Businesses remain torn over whether the best strategy is to manage social media through their corporate communications group, their marketing department, or a separate social-media group. Adding to the complexity: marketers are inundated with pitches from ad agencies, PR agencies and social-media vendors -- all hungry for new projects for 2011.

Social media is free, right? In some business sectors, the thinking still holds that social media is free, or nearly free. Although earned media -- the value that companies get when their marketing messages spread virally -- is indeed free publicity, there is almost always a cost associated with it, whether it be staffing, creative development or monitoring the results.

The good news is most marketers say they are increasing social-media spending next year. But the actual dollar amounts are all over the map.

In a worldwide survey by SEOmoz, a search-marketing company, more than half of the 9,000 respondents said their budget for outsourced social-media marketing was zero. Only 2.9% said they spent more than $5,000 per month.

On the other end of the spectrum is Altimeter Group, which surveyed 140 social-media strategists at major businesses for a report on the corporate social-media strategist function. One-third of respondents indicated that their company was spending between $100,000 to $500,000 in 2010, and 23% had a budget of $500,000 or more. These companies can be considered among the leading adopters of social media.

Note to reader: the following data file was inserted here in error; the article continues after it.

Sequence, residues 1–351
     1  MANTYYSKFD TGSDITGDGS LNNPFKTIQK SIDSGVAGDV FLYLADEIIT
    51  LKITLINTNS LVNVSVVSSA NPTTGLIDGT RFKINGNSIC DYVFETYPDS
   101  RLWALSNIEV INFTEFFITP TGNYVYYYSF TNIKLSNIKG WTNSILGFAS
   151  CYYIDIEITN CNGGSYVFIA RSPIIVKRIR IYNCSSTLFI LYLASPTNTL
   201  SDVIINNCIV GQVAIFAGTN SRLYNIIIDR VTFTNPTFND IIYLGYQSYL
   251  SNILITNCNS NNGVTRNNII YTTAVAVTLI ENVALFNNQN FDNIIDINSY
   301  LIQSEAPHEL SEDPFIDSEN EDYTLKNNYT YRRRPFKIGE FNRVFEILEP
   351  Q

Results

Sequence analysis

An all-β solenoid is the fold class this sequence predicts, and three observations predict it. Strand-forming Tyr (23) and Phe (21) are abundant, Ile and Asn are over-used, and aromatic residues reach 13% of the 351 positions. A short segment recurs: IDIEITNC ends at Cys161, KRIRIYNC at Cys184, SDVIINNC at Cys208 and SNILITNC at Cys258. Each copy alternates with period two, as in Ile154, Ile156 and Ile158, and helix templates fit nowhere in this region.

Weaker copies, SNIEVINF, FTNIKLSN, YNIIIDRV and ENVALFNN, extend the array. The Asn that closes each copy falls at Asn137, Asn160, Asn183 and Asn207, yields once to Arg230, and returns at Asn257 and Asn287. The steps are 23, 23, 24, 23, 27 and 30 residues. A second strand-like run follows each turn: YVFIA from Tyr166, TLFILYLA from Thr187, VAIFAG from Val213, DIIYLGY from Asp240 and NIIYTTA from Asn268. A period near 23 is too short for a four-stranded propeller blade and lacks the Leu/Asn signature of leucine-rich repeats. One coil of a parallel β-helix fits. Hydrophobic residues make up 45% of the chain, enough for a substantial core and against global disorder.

There are few benchmarks. Marketers don't agree on how much of their marketing budgets they should spend on social media. Surveys indicate that marketers spend 4% to 11% of their online marketing budgets on social media. This wide divergence is indicative of the fact that social-media marketing budgets are spread across multiple departments and groups, and that some types of companies and industries are more advanced than others.